First, a mea culpa. I had a brain barf, got distracted, and wandered off into stirrups and hooves. No excuses (well, except that I've been sick for a week). So, I'm going to finish the series on Medieval horses and then get back to shoeing on Friday.
So, the destrier. Some of you may recall this as the name of Prince Caspian's horse - which, ironically, was almost certainly a courser, not a destrier.
The destrier was the finest, strongest, and most expensive of warhorses, sometimes called the Great Horse. It's often mistakenly thought that modern draft horses are descended from destriers (not true - draft horses were bred up from cobs and garrons). This same misunderstanding leads to the image of the huge warhorse that the knight had to be helped on - while knights probably did need and use assistance when mounting, their horses were not that large. Surviving Medieval horse armor showed that they were between 15 and 16 hands.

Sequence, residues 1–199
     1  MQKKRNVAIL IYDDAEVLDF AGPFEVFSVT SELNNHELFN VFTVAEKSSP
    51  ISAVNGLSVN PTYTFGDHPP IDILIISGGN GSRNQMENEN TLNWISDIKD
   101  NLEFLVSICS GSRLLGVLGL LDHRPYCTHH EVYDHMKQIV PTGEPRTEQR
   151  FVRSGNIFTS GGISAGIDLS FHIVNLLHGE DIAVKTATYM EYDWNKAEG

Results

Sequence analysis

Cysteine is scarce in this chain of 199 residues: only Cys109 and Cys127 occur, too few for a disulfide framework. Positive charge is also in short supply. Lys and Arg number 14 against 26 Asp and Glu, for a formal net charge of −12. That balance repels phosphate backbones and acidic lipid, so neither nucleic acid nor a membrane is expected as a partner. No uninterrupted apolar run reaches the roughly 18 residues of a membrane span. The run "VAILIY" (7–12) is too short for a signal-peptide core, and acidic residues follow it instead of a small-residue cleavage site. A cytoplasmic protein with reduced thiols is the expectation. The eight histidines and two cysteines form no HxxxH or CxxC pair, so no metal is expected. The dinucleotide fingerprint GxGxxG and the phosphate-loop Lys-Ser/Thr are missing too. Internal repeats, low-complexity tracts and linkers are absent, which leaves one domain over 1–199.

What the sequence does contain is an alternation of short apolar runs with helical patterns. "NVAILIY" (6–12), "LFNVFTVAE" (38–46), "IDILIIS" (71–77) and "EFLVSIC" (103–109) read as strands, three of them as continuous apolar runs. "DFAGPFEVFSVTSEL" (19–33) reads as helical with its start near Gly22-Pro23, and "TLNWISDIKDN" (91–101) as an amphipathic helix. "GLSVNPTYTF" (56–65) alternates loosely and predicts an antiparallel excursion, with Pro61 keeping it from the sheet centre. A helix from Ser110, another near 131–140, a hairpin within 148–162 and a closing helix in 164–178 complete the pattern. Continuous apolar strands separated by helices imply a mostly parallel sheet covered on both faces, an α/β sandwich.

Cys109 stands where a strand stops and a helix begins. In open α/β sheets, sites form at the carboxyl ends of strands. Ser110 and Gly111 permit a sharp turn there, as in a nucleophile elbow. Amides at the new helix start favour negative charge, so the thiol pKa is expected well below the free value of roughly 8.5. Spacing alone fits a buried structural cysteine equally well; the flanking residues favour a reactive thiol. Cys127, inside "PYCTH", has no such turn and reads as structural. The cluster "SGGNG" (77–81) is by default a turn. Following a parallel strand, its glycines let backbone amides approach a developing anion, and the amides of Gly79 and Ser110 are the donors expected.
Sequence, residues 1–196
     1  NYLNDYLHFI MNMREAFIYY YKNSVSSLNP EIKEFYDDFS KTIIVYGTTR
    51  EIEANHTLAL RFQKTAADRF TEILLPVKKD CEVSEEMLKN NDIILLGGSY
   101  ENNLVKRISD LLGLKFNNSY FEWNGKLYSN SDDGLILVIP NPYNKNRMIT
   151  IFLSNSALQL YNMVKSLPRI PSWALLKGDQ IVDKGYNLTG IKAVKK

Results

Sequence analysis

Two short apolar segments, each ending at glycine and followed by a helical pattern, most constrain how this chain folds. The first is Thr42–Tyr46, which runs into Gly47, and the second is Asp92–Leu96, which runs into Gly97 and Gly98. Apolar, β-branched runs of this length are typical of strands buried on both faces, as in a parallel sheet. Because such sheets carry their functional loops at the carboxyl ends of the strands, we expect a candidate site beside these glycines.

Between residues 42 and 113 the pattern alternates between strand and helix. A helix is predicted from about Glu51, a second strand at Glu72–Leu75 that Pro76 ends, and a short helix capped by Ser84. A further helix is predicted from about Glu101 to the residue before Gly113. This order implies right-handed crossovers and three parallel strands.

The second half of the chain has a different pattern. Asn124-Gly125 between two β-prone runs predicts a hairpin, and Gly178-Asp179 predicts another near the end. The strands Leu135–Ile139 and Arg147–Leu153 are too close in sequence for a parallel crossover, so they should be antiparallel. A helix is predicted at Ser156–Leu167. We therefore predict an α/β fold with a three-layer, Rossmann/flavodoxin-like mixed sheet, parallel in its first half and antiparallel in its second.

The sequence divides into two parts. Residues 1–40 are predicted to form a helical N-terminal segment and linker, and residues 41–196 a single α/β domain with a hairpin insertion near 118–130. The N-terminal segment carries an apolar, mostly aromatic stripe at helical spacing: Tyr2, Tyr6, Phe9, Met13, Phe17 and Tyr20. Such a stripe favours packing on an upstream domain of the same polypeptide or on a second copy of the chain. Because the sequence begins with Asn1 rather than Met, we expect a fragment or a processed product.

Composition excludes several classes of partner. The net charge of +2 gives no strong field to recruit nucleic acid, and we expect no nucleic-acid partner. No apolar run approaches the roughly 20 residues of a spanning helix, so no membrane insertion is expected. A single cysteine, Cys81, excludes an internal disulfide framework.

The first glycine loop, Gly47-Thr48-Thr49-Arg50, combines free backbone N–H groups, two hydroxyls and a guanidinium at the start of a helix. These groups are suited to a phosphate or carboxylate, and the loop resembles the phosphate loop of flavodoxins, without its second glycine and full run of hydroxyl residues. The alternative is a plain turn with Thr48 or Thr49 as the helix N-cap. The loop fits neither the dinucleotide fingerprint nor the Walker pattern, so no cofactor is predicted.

Destriers were used by mounted knights and in jousts and tournaments. They were extremely expensive - the majority of mounted warriors rode coursers or rounceys not because they didn't want destriers, but because a good, trained destrier was so expensive. For the price of one trained destrier you could, at times, buy seven less expensive horses. So, only the wealthiest of knights would have them - and often the wealthiest knights were those doing the tournament circuit. It's possible that many of these valuable horses never actually saw real combat in their lives but were used solely in tourneys.
The exact genetic mix of the destrier has been lost - as mounted combat changed, so did the horses bred by the cavalry. The Friesian is often cited as the closest survivor and is popular with modern tournament jousters (as are small draft horses).
A Friesian stallion. Source: B0rder via Wikimedia Commons.
I would argue, however, that the true spiritual descendant of the destrier is the modern warmblood - the specialist, highly bred and extremely expensive animals seen competing at the highest levels in dressage, show jumping, and eventing.
A modern Hanoverian and his rider give a dressage demo.